Welcome to the Slashdot Beta site -- learn more here. Use the link in the footer or click here to return to the Classic version of Slashdot.

Thank you!

Before you choose to head back to the Classic look of the site, we'd appreciate it if you share your thoughts on the Beta; your feedback is what drives our ongoing development.

Beta is different and we value you taking the time to try it out. Please take a look at the changes we've made in Beta and  learn more about it. Thanks for reading, and for making the site better!

Best Science Fiction/Fantasy for 8 Year Olds

Jason Levine (196982) writes | more than 2 years ago

Books 7

Jason Levine (196982) writes "My son is 8 years old. I'd love to get him interested in Science Fiction, but most of the books I can think of seem to be targeted to older kids/adults.

Thinking that the length of some novels might be off-putting to him, I read him some of the short stories in Isaac Asimov's "I, Robot". He liked these but I could tell he was having a hard time keeping up. I think the wording of the stories was too advanced and there was too much talking and not enough action. Personally, I love Asimov, but I think much of it just went over his head.

Which science fiction and/or fantasy books would you recommend for an 8 year old? (Either stories he could read himself or that we could read together over the course of a few weeks.)"

Sorry! There are no comments related to the filter you selected.

Heinlein juveniles (3, Insightful)

dpilot (134227) | more than 2 years ago | (#40384591)

Robert Heinlein had a good series of juveniles, as did Arthur C Clarke, though maybe both were just a bit much for an 8 year old. Still, they're closer to age-appropriate than "I Robot." Come to think of it, Isaac Asimov also had the "Lucky Starr" series, which were aimed at juveniles.

Re:Heinlein juveniles (1)

MarcoAtWork (28889) | more than 2 years ago | (#40385151)

this, I remember enjoying quite a bit "Farmer in the sky" by Heinlein when I read it around maybe 10-11? 8 might be a bit young but if you read it with him it should be ok I would think.

thought (2)

Sparticus789 (2625955) | more than 2 years ago | (#40384809)

I don't believe it is the difficulty in the books, but the older prose and style that makes it harder to understand. When I started reading Asimov at 15, it took me a bit to learn the 60-year old writing style.

Depending on how mature he is, I would recommend Ender's Game. Yes, the subjects are heavy but the prose is simple and the story is about other people his age.

Tom Swift and Others (1)

Quantus347 (1220456) | more than 2 years ago | (#40385817)

Any Tom Swift would be a good intro to SF. There is a series every generation or so. I had a series, my dad had another (which mine referenced now and then in a cameo type way) and even one from the turn of the century with stories like Tom Swift and his Electric Train or Tom Swift and his Moving Pictures, whereas my series (the forth) dealt with hoverboards, alternate dimensions, AI, and genetic engineering. The new series says it stays a little closer to current science. I highly recommend this to any child SciFi fan. It it what so firmly convinced me that Today's Science Fiction is Tomorrow's Science Fact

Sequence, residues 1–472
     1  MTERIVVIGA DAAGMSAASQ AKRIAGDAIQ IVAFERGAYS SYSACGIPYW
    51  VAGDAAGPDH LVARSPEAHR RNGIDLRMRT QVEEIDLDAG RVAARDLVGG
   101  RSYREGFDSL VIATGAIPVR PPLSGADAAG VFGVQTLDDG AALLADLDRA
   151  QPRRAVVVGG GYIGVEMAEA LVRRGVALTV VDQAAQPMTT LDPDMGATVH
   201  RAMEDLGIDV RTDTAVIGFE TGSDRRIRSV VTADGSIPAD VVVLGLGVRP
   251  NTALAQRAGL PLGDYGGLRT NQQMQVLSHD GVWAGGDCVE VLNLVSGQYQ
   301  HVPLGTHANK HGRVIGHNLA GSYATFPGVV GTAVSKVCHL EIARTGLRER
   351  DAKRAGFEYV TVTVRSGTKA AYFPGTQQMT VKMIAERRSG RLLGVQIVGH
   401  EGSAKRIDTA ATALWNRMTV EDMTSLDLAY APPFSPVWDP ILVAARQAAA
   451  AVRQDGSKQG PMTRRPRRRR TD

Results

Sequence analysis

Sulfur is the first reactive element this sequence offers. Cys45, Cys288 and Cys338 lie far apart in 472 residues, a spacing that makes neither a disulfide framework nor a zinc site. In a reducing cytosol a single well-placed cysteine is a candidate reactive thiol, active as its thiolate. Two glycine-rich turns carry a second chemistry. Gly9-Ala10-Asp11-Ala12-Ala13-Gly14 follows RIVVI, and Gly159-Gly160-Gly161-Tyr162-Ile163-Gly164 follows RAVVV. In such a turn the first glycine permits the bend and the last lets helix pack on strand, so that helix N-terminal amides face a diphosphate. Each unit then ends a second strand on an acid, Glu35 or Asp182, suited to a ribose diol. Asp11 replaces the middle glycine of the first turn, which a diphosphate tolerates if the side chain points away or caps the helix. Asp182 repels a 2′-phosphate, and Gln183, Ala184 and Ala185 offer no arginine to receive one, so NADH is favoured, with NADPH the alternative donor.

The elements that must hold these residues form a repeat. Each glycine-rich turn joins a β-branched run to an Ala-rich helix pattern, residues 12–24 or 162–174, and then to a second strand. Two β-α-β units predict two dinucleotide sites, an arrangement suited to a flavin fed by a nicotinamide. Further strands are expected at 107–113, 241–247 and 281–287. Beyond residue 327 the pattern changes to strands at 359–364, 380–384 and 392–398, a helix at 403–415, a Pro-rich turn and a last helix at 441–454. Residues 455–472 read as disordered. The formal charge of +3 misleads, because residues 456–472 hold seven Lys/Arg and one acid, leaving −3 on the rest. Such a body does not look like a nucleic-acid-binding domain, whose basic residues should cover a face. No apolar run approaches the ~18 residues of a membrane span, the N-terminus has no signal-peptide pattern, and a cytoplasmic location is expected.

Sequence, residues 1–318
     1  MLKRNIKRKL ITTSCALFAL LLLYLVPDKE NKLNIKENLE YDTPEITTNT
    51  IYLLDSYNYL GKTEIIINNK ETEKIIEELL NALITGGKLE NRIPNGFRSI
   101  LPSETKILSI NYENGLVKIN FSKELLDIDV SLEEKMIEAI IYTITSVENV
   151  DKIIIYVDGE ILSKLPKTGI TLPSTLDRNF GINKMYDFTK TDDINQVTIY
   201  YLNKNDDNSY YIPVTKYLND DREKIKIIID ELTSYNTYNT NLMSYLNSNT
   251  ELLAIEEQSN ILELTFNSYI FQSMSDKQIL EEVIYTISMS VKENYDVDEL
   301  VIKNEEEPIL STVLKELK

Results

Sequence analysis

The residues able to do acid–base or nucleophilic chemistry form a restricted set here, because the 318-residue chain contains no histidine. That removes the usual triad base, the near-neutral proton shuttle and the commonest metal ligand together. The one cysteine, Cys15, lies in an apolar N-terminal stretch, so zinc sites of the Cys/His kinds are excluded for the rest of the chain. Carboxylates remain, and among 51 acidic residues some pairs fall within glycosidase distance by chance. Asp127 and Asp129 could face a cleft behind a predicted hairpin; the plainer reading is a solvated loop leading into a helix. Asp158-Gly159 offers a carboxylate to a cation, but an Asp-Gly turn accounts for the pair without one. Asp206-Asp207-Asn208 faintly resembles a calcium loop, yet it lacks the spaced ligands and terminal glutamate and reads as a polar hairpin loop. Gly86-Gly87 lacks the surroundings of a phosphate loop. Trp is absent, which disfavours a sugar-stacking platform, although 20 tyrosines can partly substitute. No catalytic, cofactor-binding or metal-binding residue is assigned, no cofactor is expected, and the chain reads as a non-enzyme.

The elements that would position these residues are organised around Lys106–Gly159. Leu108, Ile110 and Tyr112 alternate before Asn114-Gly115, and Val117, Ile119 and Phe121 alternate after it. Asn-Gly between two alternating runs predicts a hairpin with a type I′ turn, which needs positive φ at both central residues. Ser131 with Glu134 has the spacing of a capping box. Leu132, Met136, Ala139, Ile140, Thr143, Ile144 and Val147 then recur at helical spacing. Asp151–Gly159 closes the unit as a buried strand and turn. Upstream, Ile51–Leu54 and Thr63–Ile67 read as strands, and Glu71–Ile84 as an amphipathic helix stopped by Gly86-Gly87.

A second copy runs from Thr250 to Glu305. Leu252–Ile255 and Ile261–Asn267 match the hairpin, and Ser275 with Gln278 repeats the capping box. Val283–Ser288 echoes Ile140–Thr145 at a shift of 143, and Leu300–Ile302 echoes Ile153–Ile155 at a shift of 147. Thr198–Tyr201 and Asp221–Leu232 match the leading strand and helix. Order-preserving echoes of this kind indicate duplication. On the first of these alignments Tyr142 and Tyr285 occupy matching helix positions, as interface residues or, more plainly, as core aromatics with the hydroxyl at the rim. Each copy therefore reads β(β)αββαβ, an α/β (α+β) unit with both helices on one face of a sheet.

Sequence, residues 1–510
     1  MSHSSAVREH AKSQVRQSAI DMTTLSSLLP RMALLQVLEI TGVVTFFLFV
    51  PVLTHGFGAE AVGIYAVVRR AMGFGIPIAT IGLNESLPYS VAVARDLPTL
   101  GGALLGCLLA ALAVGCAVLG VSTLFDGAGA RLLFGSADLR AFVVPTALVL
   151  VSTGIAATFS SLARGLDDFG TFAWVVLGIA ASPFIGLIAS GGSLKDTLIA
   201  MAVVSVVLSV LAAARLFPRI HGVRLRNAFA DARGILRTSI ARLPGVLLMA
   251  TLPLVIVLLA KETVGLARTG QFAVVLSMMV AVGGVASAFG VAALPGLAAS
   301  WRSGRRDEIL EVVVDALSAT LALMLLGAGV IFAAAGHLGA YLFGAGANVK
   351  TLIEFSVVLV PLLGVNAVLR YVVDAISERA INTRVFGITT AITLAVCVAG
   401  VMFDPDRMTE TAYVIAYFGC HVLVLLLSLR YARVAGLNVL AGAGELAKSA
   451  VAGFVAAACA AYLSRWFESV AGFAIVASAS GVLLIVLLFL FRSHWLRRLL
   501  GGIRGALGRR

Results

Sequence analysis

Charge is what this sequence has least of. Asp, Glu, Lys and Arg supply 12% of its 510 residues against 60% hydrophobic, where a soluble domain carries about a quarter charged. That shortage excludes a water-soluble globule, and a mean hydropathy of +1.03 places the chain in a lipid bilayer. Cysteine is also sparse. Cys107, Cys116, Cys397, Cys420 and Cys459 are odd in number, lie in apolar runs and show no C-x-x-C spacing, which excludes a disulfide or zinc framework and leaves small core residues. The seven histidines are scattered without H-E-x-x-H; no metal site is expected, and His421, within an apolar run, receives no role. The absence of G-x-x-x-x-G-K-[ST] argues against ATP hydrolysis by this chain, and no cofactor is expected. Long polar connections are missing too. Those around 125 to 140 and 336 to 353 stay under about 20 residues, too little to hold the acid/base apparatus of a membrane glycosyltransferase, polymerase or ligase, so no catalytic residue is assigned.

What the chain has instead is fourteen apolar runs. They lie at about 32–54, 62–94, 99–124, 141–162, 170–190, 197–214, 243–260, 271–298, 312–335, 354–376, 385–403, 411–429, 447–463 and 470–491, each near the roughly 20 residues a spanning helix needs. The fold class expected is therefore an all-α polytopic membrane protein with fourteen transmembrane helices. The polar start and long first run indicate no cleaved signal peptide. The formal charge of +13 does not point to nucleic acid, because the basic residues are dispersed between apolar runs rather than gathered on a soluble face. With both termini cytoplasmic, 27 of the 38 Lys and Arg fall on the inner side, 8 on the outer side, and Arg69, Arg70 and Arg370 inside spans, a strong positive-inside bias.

Ender's Game is mature in theme but not really difficult.
Animorphs was a great SF series of 50 or so books from the 90's. Damn good and surprisingly deep at times, but still a Scholastic published series.
The Dresden Files are a fantastic Urban Fantasy series about a smart ass wizard working as a PI in Chicago
For Fantasy I could say:
The Fionavar Tapestry is one of the best trilogies out there, written by the guy Tolkien got to write the Simmarilion (though he is much, much better when writing his own stuff)
Codex Alera is a great High fantasy about a Roman society with Elementals that grant them powers, by the same author as the Dresden Files.
The Dragonriders of Pern is a Classic
RA Salvatore and others that write in the Forgotten Realms shared universe are pretty good overall.

There are many many others I could name, but those are a good start

Pratchet (1)

Big Hairy Ian (1155547) | more than 2 years ago | (#40385865)

Dunno about SciFi but fantasy wise Terry Pratchet has written quite a bit for both grown-ups & children.

Jack Vance (1)

Jane Q. Public (1010737) | more than 2 years ago | (#40386511)

I highly recommend Jack Vance's fantasy series (plural), because Vance loved to toss around words, and he was great at making up plausible names for things. I made a game out of some of his books. If I didn't know a word, I would look it up. If I found it, I learned something. If I didn't it was just one of his made-up names, and it was time to move on in the story.

His fantasies tend to be somewhat lighter-themed than his science fiction, which I might recommend if he were a bit older.

Vance is probably my favorite author. He is now in his 90s, blind, and working on what he says will be his last book.

Tom Swift series - liked as a kid (1)

mrflash818 (226638) | more than 2 years ago | (#40389171)

Probably out of print, but might be able to find as used books from Powells' and such. []

Check for New Comments
Slashdot Login

Need an Account?

Forgot your password?